Results from 4Q Iperceptions Survey | Measuring User Satisfaction
2 min read

Results from 4Q Iperceptions Survey | Measuring User Satisfaction

Results from 4Q Iperceptions Survey | Measuring User Satisfaction
Photo by Jon Tyson / Unsplash

Here is an old survey I used via the 4Q Iperceptions survey that I've implemented to gain some interesting insights about my website.

So far, 27 users have completed the survey that asked:

  1. How would you rate your site experience overall based on today's visit
  2. Which of the following best describes the primary purpose of your visit?
  3. Were you able to complete the purpose of your visit today?
  4. What do you value most about the [company] website? (asked when answered yes on Q3)
  5. Please tell us why you could not complete the purpose of your visit today fully? (requested when answered yes on Q3)

The results that came out of this survey were very insightful and powerful.

I was able to get better insight into the qualitative aspect of how this site is performing beyond numbers from Google Analytics.

Here is what I felt after using this wonderful tool.

1) I was glad to see the overall satisfaction score in the Green.

2) Avinash was right. Finally, there are people out there who care and are willing to give feedback.

3) User comments were a bit hard to find because you need to click on the underlined %s, but it was one of the most powerful parts of this survey, which is hearing users' raw comments. I recommend downloading the CSV file to see the comments in better view.

4) I've learned that my readers were happy with the content on my site, but it seems like a lot of them are looking for research-related content. I need to be more conscious about that aspect of needs and potentially share more data-centric research.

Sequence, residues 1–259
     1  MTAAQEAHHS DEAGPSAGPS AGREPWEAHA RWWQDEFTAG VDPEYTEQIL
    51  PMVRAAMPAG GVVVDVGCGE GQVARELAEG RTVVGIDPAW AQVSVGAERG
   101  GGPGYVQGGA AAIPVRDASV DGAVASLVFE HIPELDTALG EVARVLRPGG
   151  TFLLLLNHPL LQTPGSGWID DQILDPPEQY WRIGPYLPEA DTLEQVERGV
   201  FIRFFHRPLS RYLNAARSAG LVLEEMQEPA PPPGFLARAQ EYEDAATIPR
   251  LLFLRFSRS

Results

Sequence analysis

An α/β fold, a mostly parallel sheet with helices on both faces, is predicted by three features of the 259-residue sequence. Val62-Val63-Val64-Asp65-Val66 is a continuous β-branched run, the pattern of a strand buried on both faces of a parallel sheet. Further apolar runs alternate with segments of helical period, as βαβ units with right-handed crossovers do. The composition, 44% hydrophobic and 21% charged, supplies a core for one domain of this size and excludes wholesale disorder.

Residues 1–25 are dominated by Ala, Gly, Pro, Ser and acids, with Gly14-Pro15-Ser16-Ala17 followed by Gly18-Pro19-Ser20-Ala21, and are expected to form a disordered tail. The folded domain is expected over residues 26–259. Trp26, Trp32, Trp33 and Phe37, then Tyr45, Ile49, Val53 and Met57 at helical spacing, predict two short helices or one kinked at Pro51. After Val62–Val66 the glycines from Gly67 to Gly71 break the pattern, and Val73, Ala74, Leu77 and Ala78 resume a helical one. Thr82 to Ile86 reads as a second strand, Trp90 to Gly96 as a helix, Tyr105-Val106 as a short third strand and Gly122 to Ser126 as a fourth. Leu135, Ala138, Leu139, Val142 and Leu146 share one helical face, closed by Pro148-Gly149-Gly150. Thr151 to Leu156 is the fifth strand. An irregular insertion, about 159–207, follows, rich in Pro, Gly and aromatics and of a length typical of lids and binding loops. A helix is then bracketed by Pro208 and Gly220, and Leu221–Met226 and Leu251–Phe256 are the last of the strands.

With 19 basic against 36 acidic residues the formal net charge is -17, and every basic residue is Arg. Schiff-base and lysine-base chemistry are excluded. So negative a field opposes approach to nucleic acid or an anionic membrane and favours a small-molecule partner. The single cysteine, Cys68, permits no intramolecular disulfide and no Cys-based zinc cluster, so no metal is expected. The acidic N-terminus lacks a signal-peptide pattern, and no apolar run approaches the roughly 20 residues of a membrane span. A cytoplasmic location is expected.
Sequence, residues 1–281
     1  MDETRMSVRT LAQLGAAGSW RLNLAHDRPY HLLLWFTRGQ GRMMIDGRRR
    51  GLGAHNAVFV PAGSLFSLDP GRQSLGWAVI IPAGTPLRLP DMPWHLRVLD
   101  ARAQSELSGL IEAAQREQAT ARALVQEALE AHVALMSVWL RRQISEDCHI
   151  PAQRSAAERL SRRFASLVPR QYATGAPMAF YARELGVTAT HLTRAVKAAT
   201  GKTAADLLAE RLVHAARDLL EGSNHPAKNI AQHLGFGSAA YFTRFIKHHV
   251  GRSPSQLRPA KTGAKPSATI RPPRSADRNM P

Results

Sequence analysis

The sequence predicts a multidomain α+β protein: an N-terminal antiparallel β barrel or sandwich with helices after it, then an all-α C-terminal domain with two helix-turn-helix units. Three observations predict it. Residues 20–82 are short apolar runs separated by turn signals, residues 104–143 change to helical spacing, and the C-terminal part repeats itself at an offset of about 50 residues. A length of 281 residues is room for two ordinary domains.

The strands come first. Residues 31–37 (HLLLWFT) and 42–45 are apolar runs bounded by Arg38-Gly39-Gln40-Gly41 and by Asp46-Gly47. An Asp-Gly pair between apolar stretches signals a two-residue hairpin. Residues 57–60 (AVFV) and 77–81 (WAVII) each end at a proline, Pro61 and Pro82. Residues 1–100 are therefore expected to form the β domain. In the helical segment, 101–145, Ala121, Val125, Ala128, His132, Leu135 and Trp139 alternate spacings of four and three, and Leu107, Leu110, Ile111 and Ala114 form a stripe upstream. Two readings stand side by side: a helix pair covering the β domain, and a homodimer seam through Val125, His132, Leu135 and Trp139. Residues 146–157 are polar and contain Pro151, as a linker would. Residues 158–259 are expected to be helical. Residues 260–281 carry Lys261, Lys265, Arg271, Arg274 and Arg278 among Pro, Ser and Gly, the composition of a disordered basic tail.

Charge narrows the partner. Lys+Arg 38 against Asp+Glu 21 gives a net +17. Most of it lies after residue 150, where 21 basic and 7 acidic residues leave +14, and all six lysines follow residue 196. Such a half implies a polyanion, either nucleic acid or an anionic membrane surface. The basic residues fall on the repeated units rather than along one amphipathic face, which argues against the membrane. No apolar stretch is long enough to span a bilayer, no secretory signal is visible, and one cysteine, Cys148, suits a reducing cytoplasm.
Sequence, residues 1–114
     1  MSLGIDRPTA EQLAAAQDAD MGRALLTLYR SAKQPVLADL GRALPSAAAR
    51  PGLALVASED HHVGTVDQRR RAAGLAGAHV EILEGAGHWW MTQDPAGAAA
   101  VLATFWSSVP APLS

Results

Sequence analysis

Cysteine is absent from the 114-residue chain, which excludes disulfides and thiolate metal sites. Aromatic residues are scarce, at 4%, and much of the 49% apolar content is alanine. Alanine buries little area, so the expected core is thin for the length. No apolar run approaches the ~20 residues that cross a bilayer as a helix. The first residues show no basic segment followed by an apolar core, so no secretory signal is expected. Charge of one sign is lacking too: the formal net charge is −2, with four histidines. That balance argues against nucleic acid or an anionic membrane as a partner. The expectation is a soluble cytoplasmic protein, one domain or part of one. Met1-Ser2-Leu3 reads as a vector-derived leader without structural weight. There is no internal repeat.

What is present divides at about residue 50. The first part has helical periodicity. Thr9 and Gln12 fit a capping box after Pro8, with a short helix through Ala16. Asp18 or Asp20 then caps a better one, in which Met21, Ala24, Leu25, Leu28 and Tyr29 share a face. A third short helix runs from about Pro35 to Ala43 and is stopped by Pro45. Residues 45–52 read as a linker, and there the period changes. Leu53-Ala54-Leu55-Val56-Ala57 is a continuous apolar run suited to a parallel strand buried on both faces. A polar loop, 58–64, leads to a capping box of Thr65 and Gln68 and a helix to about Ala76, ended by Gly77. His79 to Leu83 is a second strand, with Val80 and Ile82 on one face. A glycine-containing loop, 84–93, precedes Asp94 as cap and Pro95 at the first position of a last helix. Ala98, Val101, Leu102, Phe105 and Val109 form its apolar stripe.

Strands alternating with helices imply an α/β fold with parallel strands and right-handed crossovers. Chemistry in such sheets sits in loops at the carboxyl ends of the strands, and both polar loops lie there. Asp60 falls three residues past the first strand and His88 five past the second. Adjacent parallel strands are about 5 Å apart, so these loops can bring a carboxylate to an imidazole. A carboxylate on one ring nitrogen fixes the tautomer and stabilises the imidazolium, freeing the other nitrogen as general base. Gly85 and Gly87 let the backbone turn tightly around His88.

5) I was surprised to find quite a few users selecting "Ask an expert" for their primary purpose of visit, but I have to say my site is not doing well in providing a clear communication path to myself.

6) Although we can set the survey's invitation rate, it'll be nice to have a setting so that the study (participate in survey yes/no) would show up after a user visits the second page. But, again, this probably has to do with usability more than any other reason.

7) One thing I would recommend is to increase the time range of downloadable CSV files. For example, since we're able to select 7days to 6 months worth of data in the report, it'll be nice to have an option to download 6months worth of data in one CSV file as well.

Overall, I am very happy with this service. I think the implementation was straightforward (copy and paste the javascript code). It was very simple to get an insight into your user satisfaction score, including their comments.

I highly recommend this service to anyone running a site or blog and obtain eye-opening results.

Note: You can control the rate of invitation and handle the looks of the survey as well.

Here is the actual visual of my 4Q Iperception result:

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